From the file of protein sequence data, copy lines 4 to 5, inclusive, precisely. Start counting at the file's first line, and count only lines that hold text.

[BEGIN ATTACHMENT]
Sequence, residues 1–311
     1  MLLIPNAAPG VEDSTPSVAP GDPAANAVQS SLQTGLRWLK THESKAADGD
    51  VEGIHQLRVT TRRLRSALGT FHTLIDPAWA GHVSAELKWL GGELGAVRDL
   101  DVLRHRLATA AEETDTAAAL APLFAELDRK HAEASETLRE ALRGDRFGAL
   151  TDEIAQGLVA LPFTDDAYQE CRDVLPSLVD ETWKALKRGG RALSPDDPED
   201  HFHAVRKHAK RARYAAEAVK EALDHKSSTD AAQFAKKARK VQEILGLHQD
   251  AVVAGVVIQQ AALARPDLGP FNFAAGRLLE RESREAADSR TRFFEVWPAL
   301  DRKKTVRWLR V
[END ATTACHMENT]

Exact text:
   101  DVLRHRLATA AEETDTAAAL APLFAELDRK HAEASETLRE ALRGDRFGAL
   151  TDEIAQGLVA LPFTDDAYQE CRDVLPSLVD ETWKALKRGG RALSPDDPED